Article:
ICSE Revision Notes for Map of India Class 10 Geography

Chapter Name

Map of India

Topics Covered

  • About India
  • The Northern Mountain Wall
  • The Plains of Northern India
  • The Peninsular Plateau
  • The Coastal Plains
  • The Islands
  • Maps of India

Related Study

About India

  • India is a land of unity in diversity since it has diverse language, religion, castes and creeds.
  • It is the second most populous country in the world and the seventh largest in size.
  • India extends from 8°4’ N to 37°6’ N and from 68°7’ E to 97°25’ E.
  • India can be divided into five ethnic groups- Proto-Australoids, Negritos, Mongoloids, Mediterraneans or Dravidians and Nordic Aryans.
  • Officially, 22 languages out of 200 languages spoken in India, has been recognised in the Eighth Schedule of the Constitution of India.

The Indian Sub-continent has been divided into five physiographical divisions:

  1. The Northern Mountain Wall
  2. The Plains of Northern India
  3. The Peninsular Plateau
  4. The Coastal Plains
  5. The Islands.

The Northern Mountain Wall

  • The Northern mountain wall is also known as the Himalayan Range. It consist of three parallel ranges- the Himadri, the Himachal and the Shiwalik Range.
  • The Himadri is also called the Great Himalayas or the Inner Himalayas. The Himachal is also known as the Himachal-Himalayas or the Middle or Lesser Himalayas and the Shiwalik range is also called the Outer Himalayas.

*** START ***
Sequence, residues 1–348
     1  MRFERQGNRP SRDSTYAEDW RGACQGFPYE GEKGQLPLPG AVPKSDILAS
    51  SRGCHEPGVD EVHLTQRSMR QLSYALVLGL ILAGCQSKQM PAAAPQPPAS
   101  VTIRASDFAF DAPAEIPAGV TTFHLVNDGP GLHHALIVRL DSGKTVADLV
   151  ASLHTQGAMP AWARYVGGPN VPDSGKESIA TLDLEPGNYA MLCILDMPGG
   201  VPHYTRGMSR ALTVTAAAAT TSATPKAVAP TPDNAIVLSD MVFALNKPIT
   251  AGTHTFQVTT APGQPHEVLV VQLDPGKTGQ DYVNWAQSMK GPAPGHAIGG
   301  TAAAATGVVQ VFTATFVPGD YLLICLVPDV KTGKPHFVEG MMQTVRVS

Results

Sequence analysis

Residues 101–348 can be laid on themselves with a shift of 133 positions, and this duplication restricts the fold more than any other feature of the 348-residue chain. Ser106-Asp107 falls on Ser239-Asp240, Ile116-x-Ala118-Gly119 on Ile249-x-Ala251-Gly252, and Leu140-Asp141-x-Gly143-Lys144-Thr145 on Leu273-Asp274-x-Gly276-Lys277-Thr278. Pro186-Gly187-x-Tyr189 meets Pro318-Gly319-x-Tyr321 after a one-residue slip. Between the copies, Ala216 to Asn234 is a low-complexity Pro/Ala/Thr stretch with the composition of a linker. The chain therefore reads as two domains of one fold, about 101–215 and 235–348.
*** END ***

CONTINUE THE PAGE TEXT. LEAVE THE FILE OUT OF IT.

• The Great Himalayas has the world’s highest peak, Mt. Everest (8,848 m) and the world’s second highest peak, Mount K2 or Godwin Austen.
  • It has many passes, namely, Karakoram Pass, Shipki-La Pass, Mana Pass, Niti, etc.
  • The Himachal range runs parallel to the Himadri. Doons lie between the Himachal and the Shiwalik ranges. Example: Dehradun.
  • Some the most important hill stations lie in this range. Example: Mussorie, Shimla, Nainital, Almora, Ranikhet, Chail etc.
  • The Shiwalik range is not a continuous range and its average elevation is about 1000 m above sea level.
  • The Doon, Bhabhar, Terai and the Khadar and Bhangar alluvium are the other important features of the Himalayas.
  • The Himalayas act as a climate-divide since it protect northern India from severe cold in winters and act as barrier for the moisture-laden monsoon winds which bring heavy rain to the north Indian plains.
  • The Himalayas are a source of many perennial rivers due to the glaciers over there. Rivers like Ganga, Yamuna, Ghagra, Gandak, Gomti, Kosi, Sharda and Brahmaputra provide water for drinking and irrigation to the entire Northern plains.
  • The rivers originating in the Himalayas are a major source of hydel power.
  • The Himalayas act as a physical barrier to the invaders.
  • It attracts thousands of tourists from India and abroad due to the large number of hill stations like, Mussorie, Nainital, Shimla, Srinagar, Ranikhet, etc. and pilgrimage centres like the shrines of Badrinath, Kedarnath, Amarnath, Vaishno Devi, Kailash-Mansarovar, etc.
  • The Himalayas also attract the adventure seekers as it provides a lot of opportunities for trekking, hiking, river rafting, skiing, etc.
  • The Himalayas are rich in forest resources as it provides both hard wood and soft wood and is also a home to a wide variety of wild animals like yaks, bears, tigers, elephants, red pandas, snow leopard, etc.